Attending local government meetings helps people learn about their communities, gadflies say.
Larry Kipp is about as familiar a face at city and county government meetings as are the commissioners themselves.
Kipp is part of a national fraternity of sorts: Members of the public who regularly attend city and county commission meetings not because they have to but because they actually want to. Nearly every community has their share of gadflies whom commissioners, city managers and county administrators can count on seeing at meetings.
Kipp started attending Lawrence City Commission and Douglas County Commission meetings when he announced his unsuccessful campaign for a seat on the county board two years ago.
He doesn't get paid to go to the meetings, and no one makes him attend. Kipp says he makes time for them because he wants to know what's going on in his community.
It's a big commitment of personal time on his part -- time he could spend working on his orchids or other hobbies. He also attends planning commission meetings and subcommittee meetings.
``A meeting can go five hours sometimes,'' Kipp said. ``I go to the ones that are interesting in terms of either land use policy or spending items, for the most part.''
Concerned about growth, Kipp listens with interest at commission meetings. But he doesn't always get up and talk.
``I get up and put in my two cents about half the time,'' he said.
Although he's a member of the Douglas County Property Owners Assn., Kipp does not represent that group at meetings.
``My motivation goes beyond the goals of the tax group,'' he said. ``When the growth is all done, I want this to still be a nice place to live. There's nobody out there being paid full time to consider the public's interest. It's my view that the elected officials that we have may or may not serve that purpose. I'm not convinced that they do. I'm not convinced that they all do, I should say.''
All local government boards give the public opportunity to comment during meetings. The commissions only enforce time limits when an issue has attracted a large group of people who want to talk.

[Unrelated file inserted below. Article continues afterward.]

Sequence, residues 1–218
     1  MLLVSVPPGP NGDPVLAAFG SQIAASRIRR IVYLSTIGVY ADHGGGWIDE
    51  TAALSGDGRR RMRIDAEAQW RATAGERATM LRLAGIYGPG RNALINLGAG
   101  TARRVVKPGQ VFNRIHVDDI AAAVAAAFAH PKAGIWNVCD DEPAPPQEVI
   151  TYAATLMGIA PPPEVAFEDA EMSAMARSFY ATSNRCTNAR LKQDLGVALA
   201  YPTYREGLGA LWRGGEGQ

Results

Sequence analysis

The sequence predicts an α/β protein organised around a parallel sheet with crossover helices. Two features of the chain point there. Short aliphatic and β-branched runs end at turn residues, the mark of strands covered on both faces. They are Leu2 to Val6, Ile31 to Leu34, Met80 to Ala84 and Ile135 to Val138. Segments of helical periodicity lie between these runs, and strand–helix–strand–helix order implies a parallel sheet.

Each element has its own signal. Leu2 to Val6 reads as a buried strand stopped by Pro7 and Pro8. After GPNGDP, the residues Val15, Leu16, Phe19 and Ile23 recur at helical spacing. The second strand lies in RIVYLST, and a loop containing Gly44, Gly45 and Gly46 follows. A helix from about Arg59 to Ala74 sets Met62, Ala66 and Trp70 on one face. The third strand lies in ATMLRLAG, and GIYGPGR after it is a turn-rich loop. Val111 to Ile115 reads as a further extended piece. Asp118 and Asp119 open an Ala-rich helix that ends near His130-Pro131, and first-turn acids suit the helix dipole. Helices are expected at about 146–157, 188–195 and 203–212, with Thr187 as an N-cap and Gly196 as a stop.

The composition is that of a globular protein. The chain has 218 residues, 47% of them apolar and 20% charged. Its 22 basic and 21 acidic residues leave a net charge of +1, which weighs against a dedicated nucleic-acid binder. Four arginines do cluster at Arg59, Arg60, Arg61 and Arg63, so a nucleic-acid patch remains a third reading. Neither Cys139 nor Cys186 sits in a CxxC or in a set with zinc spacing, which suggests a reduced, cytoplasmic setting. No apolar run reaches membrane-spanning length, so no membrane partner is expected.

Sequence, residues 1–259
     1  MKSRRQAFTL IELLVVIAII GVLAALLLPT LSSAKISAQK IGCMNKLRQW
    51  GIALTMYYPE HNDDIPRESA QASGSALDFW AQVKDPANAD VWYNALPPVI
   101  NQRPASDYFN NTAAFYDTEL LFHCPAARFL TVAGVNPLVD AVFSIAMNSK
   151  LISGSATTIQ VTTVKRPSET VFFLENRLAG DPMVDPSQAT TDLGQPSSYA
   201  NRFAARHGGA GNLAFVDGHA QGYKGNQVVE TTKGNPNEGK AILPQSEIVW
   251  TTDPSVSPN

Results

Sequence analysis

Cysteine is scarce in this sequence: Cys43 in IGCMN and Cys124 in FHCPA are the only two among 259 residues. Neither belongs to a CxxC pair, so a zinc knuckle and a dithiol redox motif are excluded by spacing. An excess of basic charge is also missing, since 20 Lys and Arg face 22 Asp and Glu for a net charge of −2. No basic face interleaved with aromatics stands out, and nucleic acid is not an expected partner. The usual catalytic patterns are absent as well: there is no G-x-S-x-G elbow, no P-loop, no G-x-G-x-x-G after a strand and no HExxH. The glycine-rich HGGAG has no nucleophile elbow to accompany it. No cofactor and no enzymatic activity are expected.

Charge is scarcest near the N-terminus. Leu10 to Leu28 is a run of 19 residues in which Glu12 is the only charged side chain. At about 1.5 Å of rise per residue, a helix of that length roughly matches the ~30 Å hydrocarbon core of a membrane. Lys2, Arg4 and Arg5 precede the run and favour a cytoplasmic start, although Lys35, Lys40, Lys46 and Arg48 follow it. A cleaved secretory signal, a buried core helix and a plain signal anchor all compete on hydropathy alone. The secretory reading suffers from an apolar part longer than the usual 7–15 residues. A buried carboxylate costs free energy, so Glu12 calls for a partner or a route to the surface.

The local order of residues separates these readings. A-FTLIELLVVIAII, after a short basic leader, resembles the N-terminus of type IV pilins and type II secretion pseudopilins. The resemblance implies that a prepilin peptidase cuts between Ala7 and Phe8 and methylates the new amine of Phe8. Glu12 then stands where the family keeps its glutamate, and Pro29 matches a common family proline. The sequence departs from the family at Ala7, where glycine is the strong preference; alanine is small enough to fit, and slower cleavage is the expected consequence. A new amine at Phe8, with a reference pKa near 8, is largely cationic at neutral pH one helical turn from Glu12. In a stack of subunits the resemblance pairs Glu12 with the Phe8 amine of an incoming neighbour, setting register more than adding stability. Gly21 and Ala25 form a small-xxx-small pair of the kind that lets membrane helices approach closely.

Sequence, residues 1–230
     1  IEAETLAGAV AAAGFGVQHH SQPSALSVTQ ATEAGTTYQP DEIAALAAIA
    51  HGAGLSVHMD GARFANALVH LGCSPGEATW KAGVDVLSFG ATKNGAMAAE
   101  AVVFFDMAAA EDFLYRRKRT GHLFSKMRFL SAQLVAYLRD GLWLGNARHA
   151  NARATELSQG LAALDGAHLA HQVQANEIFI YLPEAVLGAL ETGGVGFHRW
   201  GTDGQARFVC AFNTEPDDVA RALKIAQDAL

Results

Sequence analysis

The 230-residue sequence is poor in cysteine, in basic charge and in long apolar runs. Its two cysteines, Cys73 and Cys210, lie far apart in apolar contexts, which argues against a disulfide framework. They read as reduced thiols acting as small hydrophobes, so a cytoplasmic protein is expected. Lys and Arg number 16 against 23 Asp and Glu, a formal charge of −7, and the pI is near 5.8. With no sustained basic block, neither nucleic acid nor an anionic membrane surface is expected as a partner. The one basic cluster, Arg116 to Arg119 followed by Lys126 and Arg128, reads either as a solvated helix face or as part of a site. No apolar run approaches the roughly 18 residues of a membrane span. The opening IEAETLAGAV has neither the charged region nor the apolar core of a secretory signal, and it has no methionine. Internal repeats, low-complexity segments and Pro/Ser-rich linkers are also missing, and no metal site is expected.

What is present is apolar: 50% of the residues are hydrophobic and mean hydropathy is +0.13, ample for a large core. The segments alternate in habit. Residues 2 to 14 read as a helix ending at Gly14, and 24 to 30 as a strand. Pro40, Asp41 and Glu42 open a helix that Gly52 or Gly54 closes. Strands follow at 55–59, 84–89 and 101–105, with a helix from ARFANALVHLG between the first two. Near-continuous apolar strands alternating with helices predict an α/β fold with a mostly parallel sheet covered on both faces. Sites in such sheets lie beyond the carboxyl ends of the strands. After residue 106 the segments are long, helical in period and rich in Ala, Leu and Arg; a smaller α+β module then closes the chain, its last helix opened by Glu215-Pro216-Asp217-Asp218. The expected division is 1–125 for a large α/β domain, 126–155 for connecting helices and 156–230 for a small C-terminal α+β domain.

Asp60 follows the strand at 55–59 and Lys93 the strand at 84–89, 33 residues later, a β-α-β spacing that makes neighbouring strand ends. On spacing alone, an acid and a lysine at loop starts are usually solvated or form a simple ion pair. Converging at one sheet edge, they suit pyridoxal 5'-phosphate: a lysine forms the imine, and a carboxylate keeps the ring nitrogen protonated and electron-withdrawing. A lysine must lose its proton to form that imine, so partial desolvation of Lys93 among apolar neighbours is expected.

Lawrence City Manager Mike Wildgen said the city commission listens to people.
``But if people start repeating themselves, the commissioners will ask them to be concise and to the point,'' Wildgen said.
Neither Wildgen nor Douglas County Administrator Craig Weinaug could recall any situations where a member of the public got out of control at a meeting.
But there have been some unique presentations.
Wildgen recalled one man who let commissioners know his thoughts via a hand puppet.
And some people have been in ``lecturing mode,'' somewhat obnoxious, Wildgen said.
``The commission is typically very polite and tries to avoid debating situations,'' he said. ``It's not public debate. It's public comment. Their patience is tried at times, but they try to be very patient with people.''
Weinaug said county commission Chairman Tom Taul tries to ``hear everyone out.''
``If people are being repetitive, the chairman may ask, `Does anyone have any new thoughts?''' Weinaug said.
Lawrence resident William Dann was a frequent visitor at city commission meetings until vision problems prohibited him from attending. He said the time commitment was worth it.
``It's educational in the sense that you can learn what's going on,'' he said. ``It enabled me to see city leaders and attorneys in action.''
Kipp pointed out that meetings are where the community's `real news' happens.''
Public comment is typically not an interactive experience.
At city commission meetings, for example, Kipp said members ``never say a thing'' after he's talked about an issue.
``You get up there during public speaking and then after that, they adjourn,'' he said. ``Because of the structure of meeting, you can't have a conversation with them.''
Although Kipp admits ``things have gotten heated at times,'' he says he tries to present his opinions in a level-headed manner.
``If you get up there and just berate them because you're mad and you get very emotional, you're going to turn everybody off,'' Kipp said. ``Or if you talk too long you're not going to have an impact.
Although he commits himself to the effort, Kipp admits he isn't sure what kind of impact he has.
``I'm convinced that when there is a major issue like a tax abatement up for discussion and the public gets an opportunity to comment, the city commissioners have already made up their mind,'' Kipp said. ``There is no way a compelling argument except one that would somehow show them that they were breaking the law could be brought forth to change their minds.''
Kipp believes the public has more impact with the county.
``You can talk to the commissioners directly and I think you can have impact with them. You can hold a conversation with them,'' he said. ``They're much different than the city commissioners in terms of their ability to respond.''
-- Deb Gruver's phone message number is 832-7165. Her e-mail address is email@example.com.